# Is there a set $S\subseteq [0,1]$ with $|S|=2^{\aleph_0}$ and distinct pairwise distances?

Short version of question. Is there a set $$S\subseteq [0,1]$$ with $$|S|=2^{\aleph_0}$$ such that all points of $$S$$ have distinct pairwise distances?

Formal version of question. If $$X$$ is a set, let $$[X]^2=\big\{\{x,y\}:x\neq y\in X\big\}$$. Let $$(X,d)$$ be a metric space. Let $$d_{\text{set}}:[X]^2\to \mathbb{R}$$ be defined by $$\{x,y\}\in [X]^2\mapsto d(x,y)=d(y,x).$$ We say $$S\subseteq X$$ has the distinct pairwise distance property (dpdp) if the restriction of $$d_{\text{set}}$$ to $$S$$ is injective. Is there a set $$S\subseteq [0,1]$$ with (dpdp) and $$|S|=2^{\aleph_0}$$, where $$[0,1]$$ is endowed with the Euclidean metric?

• yes, use Zorn to find a maximal such set and observe it is uncountable. – Uri Bader Oct 12 '18 at 9:39
• but my answer remains correct: replacing "uncountable" with $2^{\aleph_0}$... – Uri Bader Oct 12 '18 at 9:45
• We will catch it when it sneaks! If $S_\alpha$ is a chain with union $S$ and $x_1,x_2,y_1,y_2\in S$ having $d(x_1,y_1)=d(x_2,y_2)$ then they all should appear in some $S_\alpha$, don't they? – Uri Bader Oct 12 '18 at 9:58
• Got it! I am convinced now every maximal element with dpdp is uncountable, but I'm not sure about $2^{\aleph_0}$ yet. As soon as I understand, I'll delete the question – Dominic van der Zypen Oct 12 '18 at 10:00
• Don't delete the question please! As it turns out, it's a nice (routine?) application of Zorn's lemma: it has some didactical value. Maybe, just move it to MSE! – Qfwfq Oct 12 '18 at 11:55

Consider $$\Bbb R$$ as a vector space over $$\Bbb Q$$, choose (Zorn) a basis $$S$$ consisting (after rescaling with rational scalars) of elements in $$(0,1)$$. Then we have no relation of the shape $$\pm(s_1-s_2)=(s_3-s_4)$$ for $$s_1,s_2,s_3,s_4\in S$$. The cardinality of the basis is also the required one.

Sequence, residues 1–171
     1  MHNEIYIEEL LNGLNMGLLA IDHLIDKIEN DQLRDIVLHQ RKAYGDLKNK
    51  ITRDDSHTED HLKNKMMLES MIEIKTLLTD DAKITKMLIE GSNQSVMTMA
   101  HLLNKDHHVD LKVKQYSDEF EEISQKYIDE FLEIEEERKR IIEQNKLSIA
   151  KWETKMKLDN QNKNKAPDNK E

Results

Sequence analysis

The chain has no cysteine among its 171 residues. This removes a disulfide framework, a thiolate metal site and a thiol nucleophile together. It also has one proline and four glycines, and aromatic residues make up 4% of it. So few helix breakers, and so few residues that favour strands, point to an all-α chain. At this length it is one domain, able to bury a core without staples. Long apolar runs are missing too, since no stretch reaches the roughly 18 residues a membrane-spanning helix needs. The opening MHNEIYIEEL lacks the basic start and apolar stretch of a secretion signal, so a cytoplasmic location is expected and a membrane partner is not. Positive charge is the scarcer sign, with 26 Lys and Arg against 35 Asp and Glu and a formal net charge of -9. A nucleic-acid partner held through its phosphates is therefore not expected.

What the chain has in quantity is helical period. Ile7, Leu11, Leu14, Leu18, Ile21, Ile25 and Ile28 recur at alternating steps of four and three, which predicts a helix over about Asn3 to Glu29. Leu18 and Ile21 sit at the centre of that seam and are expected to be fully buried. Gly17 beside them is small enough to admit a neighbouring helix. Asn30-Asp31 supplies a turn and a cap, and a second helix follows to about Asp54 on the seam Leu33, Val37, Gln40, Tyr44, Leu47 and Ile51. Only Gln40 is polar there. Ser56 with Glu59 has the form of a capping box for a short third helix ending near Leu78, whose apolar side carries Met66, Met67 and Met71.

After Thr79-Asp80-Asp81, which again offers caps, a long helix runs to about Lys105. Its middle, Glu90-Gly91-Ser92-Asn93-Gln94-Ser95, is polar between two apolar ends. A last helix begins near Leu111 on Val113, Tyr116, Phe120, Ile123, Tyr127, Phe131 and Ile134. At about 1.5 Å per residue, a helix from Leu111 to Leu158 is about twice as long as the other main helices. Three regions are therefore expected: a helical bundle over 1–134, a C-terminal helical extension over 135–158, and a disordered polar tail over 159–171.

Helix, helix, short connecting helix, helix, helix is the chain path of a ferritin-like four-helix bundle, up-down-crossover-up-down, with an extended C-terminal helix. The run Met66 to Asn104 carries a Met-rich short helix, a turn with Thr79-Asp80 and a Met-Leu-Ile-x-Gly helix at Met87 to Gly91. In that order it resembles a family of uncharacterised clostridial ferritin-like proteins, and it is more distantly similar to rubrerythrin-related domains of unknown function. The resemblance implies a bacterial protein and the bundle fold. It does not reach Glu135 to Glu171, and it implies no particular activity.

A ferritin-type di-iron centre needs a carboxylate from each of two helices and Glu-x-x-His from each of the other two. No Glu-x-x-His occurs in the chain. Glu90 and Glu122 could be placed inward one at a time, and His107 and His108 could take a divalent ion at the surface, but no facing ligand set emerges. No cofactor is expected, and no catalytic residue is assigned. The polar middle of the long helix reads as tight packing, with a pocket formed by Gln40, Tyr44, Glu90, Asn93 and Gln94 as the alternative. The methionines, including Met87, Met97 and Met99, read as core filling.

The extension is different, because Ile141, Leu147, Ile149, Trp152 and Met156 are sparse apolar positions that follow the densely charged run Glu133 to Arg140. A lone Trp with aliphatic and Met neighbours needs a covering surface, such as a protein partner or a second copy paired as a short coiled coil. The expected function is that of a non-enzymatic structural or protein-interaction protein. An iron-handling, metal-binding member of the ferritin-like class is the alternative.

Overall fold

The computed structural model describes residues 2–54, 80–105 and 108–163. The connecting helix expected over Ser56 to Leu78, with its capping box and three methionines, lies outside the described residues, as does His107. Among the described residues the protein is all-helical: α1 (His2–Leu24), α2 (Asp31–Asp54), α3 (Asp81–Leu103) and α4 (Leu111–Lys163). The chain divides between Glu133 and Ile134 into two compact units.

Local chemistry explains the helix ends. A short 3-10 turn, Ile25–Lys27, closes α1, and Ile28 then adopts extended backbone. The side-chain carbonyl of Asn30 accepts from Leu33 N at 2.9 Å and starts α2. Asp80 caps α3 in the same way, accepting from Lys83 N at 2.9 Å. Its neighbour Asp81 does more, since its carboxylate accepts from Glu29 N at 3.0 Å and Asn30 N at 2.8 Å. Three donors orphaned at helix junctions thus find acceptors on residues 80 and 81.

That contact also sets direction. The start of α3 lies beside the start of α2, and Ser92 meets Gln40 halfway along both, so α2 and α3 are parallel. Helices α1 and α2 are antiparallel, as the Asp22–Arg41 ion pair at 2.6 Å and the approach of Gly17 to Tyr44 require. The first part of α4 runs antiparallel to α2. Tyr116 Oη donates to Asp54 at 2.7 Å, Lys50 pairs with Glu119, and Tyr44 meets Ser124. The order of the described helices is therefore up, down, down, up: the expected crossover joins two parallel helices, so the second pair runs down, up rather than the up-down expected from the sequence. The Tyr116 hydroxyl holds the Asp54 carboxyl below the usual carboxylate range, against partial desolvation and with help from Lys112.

• By the way, one does not need a basis, a linearly independent subset is enough, and such subsets of cardinal $2^{\aleph_0}$ can be explicitly constructed. – YCor Oct 12 '18 at 15:46

You can actually make $$S$$ a (copy of the) Cantor set.

First a claim: if $$[a_1,b_1]$$, $$[a_2,b_2]$$, ..., $$[a_n,b_n]$$ is a finite set of intervals, ordered left-to-right ($$b_1, $$b_2, etc) then we can choose points $$p_{2i-1} in $$(a_i,b_i)$$ with the following property: if $$i$$, $$j$$, $$k$$ and $$l$$ are distinct and $$x\in[p_i,q_i]$$, $$y\in[p_j,q_j]$$, $$z\in[p_k,q_k]$$, and $$w\in[p_l,q_l]$$ then six possible distances are distinct. To prove this draw inspiration from the first answer and choose $$x_{2i-1} in $$(a_i,b_i)$$, such that $$X=\{x_j:j\le 2n\}$$ is linearly independent over $$\mathbb{Q}$$. Then $$d$$ is injective on $$[X]^2$$ and by continuity we can choose the intervals $$[p_j,q_j]$$ to preserve this for points taken from distinct intervals.

Given this claim follow the common construction of the Cantor set where at stage $$n$$, instead of deleting the middle thirds of all $$2^n$$ intervals, you take the next $$2^{n+1}$$ intervals using the claim.

The resulting Cantor set is as required: given two distinct unordered pairs $$\{x,y\}$$ and $$\{z,w\}$$ find a stage where distinct points are in distinct intervals; it follows that $$|x-y|\neq|z-w|$$.

The existence of such a Cantor set also follows from Mycielski's theorem on Independent sets in topological algebras.